4 Sneaky Ways Protein Is Making You Gain Weight

Tons of women find that a high-protein diet is the ticket to weight loss. It makes sense: Protein breaks down slower than carbs, so it helps you to feel fuller for longer. Eating enough protein helps you to lose less muscle as you shed weight, which keeps your metabolism humming. Plus, focusing on protein can automatically lead to you swapping junkier processed carbs for healthier options such as lean meat, dairy, nuts, seeds, and legumes.

That said, there is such a thing as too much protein. One large study published in 2015 in the journal Clinical Nutrition found that people whose diets were made up of more than 20 percent protein—especially animal protein—were significantly more likely to gain more than 10 percent of their body weight compared to people whose diets had less than 15 percent protein. And while plenty of other research suggests that you can (no, make that should) go higher in protein to lose, not gain, this study was enough to make us scratch our collective heads.

“I think people don’t understand that protein still has calories,” says Bonnie Taub-Dix, R.D., creator of BetterThanDieting.com and Read It Before You Eat It. ” And, no matter how much protein you’re eating, consuming more calories per day than you burn off will always lead to weight gain, adds Emily Kyle, R.D.

Need some help getting your weight loss (and calories) in check? Check out these four ways that a high-protein diet can sabotage weight loss, along with simple strategies for making a high-protein diet work for you.’


While that marbled ribeye will definitely help you feel full, it also packs more calories than you probably bargained for: A 10-ounce steak—a small restaurant portion—can clock in at 1,000 calories. “Those excess calories don’t go to your biceps. They turn into fat,” says Taub-Dix.

The fix: As often as possible, opt for veggies and dairy that are high in protein but still low in calories. For example, a cup of Greek yoghurt or beans, for example, net you around 15 grams of protein for less than 200 calories. And when you do eat meat, choose lean cuts and keep your portions in check. One serving should be about the size of a deck of cards, says Taub-Dix. 


Cutting the carbs can but a damper on your moods and make your body crave carbs, which can lead to binges. “Your brain’s preferred fuel source is glucose, or carbs,” says Kyle. When you do eventually have carbs again, there’s a good chance you’ll overdo it and undo all of the progress you’ve made. “Usually when my patients are really being strict on protein diets, even a piece of Melba toast looks delicious,” says Taub-Dix.

The fix: To keep things in balance, she suggests getting about 50 to 55 percent of your daily calories from healthy carbs. “Carbs are the nutrient we love to hate. But you can still lose weight eating carbs,” she says. Great, weight-friendly sources include whole grains, fruits, and veggies.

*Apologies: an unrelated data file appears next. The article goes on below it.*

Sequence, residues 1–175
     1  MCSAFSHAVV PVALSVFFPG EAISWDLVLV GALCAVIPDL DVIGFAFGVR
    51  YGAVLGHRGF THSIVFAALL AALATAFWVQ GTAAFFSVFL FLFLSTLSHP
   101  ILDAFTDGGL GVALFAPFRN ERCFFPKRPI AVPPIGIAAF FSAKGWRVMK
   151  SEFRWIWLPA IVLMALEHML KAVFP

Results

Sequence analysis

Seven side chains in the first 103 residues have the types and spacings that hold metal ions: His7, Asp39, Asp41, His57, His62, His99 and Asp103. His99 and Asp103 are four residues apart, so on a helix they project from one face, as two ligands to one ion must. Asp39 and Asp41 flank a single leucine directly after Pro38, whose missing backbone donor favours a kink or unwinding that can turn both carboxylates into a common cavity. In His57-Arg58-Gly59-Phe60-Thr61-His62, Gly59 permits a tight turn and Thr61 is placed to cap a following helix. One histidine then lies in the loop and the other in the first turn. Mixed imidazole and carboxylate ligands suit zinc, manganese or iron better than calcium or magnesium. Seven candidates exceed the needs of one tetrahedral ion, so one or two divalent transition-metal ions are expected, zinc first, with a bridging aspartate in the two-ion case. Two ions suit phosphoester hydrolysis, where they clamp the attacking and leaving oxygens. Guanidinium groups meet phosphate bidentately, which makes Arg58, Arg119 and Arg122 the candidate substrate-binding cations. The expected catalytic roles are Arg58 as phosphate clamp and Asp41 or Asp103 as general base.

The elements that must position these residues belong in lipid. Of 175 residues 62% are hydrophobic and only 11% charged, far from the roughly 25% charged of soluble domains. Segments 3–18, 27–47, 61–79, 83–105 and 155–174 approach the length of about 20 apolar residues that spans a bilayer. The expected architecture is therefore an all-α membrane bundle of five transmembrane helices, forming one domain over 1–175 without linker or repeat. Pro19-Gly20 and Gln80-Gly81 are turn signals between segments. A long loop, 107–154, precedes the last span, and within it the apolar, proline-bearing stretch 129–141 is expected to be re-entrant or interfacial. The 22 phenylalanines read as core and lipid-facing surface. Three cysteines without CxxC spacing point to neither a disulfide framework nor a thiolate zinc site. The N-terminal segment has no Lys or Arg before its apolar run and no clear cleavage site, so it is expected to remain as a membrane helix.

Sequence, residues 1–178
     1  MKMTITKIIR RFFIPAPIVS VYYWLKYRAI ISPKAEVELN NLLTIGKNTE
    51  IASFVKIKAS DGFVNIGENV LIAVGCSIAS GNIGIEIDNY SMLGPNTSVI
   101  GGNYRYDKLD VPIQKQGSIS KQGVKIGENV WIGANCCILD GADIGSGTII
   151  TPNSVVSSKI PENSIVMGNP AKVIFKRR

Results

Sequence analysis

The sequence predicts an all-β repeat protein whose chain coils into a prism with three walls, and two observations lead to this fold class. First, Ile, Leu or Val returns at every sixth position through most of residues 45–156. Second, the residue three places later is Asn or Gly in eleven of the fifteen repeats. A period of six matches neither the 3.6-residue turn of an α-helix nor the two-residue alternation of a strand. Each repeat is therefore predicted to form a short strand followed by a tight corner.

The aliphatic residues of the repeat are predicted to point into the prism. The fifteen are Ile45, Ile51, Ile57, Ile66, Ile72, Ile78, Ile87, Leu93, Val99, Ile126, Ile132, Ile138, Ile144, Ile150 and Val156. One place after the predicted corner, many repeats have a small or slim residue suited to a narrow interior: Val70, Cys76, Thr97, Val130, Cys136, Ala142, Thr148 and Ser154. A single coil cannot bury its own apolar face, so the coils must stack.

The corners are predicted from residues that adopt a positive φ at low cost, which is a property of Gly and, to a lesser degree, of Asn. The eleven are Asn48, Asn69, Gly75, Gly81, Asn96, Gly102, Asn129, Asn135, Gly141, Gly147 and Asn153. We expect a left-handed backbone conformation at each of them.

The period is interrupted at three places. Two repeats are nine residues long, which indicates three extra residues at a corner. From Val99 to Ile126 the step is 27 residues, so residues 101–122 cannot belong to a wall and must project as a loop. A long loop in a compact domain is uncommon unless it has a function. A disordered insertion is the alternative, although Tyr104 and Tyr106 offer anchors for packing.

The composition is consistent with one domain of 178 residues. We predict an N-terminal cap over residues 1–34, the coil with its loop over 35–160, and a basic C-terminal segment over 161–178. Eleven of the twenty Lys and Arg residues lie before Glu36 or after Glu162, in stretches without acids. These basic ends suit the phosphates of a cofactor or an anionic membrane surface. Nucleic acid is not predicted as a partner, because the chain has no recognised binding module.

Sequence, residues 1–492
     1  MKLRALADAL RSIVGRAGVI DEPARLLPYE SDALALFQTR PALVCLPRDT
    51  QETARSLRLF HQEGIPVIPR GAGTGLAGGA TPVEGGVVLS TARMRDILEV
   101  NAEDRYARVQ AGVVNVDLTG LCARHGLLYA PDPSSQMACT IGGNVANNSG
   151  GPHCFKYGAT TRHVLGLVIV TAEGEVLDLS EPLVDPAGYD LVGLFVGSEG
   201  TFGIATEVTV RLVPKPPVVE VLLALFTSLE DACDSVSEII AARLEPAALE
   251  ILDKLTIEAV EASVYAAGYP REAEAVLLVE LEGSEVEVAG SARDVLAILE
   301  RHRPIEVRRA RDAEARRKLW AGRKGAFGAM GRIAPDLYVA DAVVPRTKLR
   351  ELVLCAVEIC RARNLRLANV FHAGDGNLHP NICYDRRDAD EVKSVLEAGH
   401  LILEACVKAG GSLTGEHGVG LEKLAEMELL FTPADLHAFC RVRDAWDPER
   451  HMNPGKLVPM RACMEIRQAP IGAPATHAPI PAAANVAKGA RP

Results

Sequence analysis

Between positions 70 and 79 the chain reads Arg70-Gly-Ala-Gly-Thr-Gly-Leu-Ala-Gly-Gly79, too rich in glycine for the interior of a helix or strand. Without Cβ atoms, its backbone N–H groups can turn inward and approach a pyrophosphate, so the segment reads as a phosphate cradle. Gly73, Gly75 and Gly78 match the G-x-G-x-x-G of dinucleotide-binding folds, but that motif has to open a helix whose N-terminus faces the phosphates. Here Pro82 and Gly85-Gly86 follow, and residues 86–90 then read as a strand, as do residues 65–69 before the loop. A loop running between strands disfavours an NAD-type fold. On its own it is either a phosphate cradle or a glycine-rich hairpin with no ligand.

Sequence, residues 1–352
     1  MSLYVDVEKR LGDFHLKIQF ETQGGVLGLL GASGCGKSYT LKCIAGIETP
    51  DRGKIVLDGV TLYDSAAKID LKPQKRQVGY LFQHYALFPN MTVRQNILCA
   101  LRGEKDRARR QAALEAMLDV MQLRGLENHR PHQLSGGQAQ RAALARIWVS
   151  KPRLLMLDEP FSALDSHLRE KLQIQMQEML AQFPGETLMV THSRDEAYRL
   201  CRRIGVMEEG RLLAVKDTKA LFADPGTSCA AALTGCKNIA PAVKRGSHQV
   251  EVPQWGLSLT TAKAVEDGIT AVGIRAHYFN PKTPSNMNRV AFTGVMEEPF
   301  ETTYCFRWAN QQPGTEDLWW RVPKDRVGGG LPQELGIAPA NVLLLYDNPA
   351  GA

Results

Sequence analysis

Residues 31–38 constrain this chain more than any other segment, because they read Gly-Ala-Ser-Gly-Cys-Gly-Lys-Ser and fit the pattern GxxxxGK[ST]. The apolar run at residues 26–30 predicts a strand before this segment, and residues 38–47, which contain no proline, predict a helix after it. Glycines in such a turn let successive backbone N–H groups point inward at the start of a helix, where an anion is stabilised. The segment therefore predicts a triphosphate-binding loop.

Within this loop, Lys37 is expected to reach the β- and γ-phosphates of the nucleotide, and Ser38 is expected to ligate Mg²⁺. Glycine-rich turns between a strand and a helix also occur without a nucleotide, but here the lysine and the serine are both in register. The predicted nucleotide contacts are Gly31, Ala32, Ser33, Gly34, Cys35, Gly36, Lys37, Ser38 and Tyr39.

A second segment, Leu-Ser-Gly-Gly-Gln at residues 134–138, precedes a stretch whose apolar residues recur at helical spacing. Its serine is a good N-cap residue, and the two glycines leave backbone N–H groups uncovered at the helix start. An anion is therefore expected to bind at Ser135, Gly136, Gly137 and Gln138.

“Carbs are the best source of fuel for any activity,” says Taub-Dix. Cutting them out entirely to make way for protein can also cause you to feel tired, which means you end up working out less—and that’s counter-productive to any weight-loss plan. “It’s a revolving cycle. You feel lethargic so you don’t work out, and you don’t work out so feel more lethargic,” adds Kyle.

The fix: High protein doesn’t have to mean no carbs, she says. The Dietary Guidelines for Americans recommends that carbohydrates make up 45 to 65 percent of your total daily calories. Try introducing some more whole carbs from fruits, legumes, and whole grains into your diet and see how your energy levels fare. Before and after your workout are the perfect time for carbs.


Fibre absorbs fluid to help you feel more full and keeps your GI tract healthy by feeding healthy gut bacteria, and lots of studies have linked fibre to weight loss. But if you’re focusing too much on protein, you might be not get enough fruits, veggies, and whole grains—major sources of nutrients and fibre that can help you feel more satisfied with more volume for fewer calories. “If you’re eating too much protein, you’re not fueling the good bacteria in your gut,” says Taub-Dix.

The fix: So make sure you’re hitting your daily recommended intake of about 25 to 30 grams of fibre daily. Good sources include fruits, vegetables, and whole grains.


The U.S. Department of Agriculture’s guidelines say you should max out at 35 percent of your daily calories from protein (that’s a whopping 175 grams of protein if you’re following a 2,000-calorie diet), and one review from the University of Texas found that 25 percent is the sweet-spot for obese women trying to lose weight. But Taub-Dix says most of us need 20 percent of our calories from protein, or about 100 grams of protein, max (Remember, the harder you cut calories, the more protein you need!) Keep in mind that your ability to convert protein into muscle caps out at around 30 or 35 grams per meal, so spread your intake throughout the day.

Think your protein intake might be sabotaging your weight loss? “If you’re feeling off, you’re probably overdoing it,” says Kyle. Watch out for signs you’re getting too much protein, which can include feeling thirsty, being constipated, moodiness, weight gain, and changes in your menstrual cycle. If you think your body is crying out for carbs, try reintroducing them gradually in the form of veggies, fruits, whole grains, and low-fat dairy for a well-balanced diet that will keep you energized and shedding the pounds.

This article originally appeared on Women’s Health US. 

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